There are no universally accepted agents that will substantially increase bone mass in osteoporotic patients. A number of peptides important in normal bone formation, such as members of the transforming growth factor- β superfamily, are not satisfactory for this purpose either because their beneficial effects are predominantly local or there is systemic toxicity associated with their administration. We have examined the effects of exogenous fibroblast growth factor-1 and -2 (FGF-1 and FGF-2) on bone in vivo, since FGFs have been shown recently to be essential for normal skeletal development. FGF-1 was injected daily (0.2 mg/kg intravenously) for 28 days into the tail vein of adult female rats immediately following and 6 months after sham operation or ovariectomy (OVX). In rats treated immediately post- OVX, OVX produced more than a 30% decrease in tibial bone density, which was prevented by FGF-1 and estrogen. However, FGF-1 also had an anabolic effect. In sham-operated rats, FGF-1 increased bone density to 2-fold, whereas estrogen had no effect. In rats 6 months post-OVX, severe bone loss and disruption of trabecular microarchitecture occurred similar to that seen in patients with severe osteoporosis. In these rats, administration of FGF-1 induced extensive new woven bone formation with new trabecular-like structures filling much of the marrow spaces, and bone density in the tibial metaphysis increased 3-fold. FGF-1 and FGF-2 were also administered subcutaneously over the calvaria of mice in doses of 2-2000 μg/day for 3 days and shown to produce substantial increases in bone formation when examined morphologically. Thus, we conclude that both local and systemic FGF- 1 increases new bone formation and bone density, and systemic FGF-1 also appears to restore bone microarchitecture and prevent bone loss associated with estrogen-withdrawal.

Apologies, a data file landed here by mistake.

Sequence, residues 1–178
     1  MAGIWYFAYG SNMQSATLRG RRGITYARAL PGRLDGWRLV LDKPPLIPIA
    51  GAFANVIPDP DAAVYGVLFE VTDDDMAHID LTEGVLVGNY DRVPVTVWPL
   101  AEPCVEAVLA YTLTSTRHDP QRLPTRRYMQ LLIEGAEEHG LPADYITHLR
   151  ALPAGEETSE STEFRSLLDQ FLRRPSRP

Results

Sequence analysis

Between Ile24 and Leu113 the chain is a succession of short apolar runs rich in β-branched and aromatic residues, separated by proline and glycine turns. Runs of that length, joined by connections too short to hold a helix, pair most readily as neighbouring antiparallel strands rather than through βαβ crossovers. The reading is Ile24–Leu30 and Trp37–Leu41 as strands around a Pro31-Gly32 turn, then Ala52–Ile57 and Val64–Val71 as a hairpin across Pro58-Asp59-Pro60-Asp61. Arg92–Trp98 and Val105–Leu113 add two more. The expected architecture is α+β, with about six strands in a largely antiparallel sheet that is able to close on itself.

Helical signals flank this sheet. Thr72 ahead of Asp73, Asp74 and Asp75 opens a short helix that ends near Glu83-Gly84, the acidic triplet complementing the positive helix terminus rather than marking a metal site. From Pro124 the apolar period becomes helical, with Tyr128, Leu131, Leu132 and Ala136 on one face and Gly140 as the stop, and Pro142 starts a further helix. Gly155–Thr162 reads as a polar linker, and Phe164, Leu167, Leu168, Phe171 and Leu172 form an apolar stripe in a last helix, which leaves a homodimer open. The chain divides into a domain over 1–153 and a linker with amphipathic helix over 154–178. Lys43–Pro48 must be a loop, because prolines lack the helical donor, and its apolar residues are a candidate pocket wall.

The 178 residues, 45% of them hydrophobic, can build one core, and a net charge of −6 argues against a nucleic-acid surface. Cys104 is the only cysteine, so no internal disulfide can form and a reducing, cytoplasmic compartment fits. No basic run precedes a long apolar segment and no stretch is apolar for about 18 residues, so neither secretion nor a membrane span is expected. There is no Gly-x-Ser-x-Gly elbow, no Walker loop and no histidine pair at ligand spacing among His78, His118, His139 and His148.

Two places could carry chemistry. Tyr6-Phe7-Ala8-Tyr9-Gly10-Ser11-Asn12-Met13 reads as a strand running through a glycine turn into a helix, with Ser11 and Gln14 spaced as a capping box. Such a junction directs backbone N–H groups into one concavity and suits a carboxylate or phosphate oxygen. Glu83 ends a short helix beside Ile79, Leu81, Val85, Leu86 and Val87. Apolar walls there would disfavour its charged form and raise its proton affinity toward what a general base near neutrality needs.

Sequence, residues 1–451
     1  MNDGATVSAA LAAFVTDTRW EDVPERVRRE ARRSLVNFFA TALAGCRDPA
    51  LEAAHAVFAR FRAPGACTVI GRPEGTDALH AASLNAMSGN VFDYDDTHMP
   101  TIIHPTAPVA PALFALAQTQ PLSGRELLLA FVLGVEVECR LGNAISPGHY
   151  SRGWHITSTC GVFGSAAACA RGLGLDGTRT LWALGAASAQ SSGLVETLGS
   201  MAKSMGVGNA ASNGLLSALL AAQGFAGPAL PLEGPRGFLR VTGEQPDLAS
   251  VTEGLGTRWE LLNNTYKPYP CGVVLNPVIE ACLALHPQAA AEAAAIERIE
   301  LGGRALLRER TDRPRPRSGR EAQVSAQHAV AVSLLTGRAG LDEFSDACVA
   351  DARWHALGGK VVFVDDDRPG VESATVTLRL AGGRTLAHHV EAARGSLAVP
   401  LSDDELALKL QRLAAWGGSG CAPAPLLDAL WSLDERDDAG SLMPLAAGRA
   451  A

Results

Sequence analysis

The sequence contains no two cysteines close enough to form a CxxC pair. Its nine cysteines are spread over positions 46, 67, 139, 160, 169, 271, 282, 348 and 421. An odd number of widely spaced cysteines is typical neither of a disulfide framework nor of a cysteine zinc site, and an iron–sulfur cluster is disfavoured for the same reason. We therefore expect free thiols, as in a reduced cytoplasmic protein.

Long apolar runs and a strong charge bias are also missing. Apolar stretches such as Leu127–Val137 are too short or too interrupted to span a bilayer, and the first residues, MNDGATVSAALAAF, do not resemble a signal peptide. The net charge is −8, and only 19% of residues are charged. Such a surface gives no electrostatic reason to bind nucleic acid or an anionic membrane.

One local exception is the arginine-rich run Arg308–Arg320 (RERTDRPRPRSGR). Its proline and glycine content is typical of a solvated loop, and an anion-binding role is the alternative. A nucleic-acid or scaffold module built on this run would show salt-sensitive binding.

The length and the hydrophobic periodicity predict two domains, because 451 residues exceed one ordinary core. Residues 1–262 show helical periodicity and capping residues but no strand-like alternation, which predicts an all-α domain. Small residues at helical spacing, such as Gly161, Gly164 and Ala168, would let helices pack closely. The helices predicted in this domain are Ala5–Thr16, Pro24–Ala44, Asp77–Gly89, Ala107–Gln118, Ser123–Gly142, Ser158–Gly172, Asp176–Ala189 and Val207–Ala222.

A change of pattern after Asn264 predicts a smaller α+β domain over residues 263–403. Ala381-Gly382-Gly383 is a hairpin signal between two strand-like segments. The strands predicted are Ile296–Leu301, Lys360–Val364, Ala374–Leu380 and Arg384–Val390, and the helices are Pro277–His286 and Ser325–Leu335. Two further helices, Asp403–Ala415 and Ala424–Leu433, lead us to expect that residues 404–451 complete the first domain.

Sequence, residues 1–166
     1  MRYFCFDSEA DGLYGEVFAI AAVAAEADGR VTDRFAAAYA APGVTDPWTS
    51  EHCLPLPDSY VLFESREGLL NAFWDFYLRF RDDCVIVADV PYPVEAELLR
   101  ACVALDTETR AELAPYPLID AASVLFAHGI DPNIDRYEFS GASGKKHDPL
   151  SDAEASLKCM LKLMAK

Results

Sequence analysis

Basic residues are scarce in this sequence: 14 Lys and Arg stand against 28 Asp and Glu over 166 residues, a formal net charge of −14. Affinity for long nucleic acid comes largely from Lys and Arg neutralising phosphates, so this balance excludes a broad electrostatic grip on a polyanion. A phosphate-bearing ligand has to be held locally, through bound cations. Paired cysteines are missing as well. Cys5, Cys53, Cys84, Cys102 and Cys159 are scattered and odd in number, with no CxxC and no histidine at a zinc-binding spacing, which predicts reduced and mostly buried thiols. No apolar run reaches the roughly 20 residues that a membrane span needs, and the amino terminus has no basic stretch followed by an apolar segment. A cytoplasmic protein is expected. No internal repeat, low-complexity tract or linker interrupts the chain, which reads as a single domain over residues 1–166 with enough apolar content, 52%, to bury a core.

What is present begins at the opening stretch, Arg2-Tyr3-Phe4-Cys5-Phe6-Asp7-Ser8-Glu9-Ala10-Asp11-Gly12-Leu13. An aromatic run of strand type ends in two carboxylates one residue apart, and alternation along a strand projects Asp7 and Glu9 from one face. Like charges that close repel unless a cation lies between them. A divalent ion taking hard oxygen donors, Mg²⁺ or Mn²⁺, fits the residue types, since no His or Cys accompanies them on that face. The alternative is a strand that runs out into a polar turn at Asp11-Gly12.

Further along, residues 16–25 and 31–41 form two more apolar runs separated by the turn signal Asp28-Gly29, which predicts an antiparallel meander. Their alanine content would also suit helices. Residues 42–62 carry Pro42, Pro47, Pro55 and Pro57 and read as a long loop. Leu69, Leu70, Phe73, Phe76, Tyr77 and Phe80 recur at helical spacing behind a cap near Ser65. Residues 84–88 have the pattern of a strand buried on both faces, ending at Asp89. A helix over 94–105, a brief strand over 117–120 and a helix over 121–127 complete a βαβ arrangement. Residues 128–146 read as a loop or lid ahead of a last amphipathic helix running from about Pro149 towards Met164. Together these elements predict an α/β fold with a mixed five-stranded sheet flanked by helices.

ASJC Scopus subject areas
- Endocrinology, Diabetes and Metabolism
- Orthopedics and Sports Medicine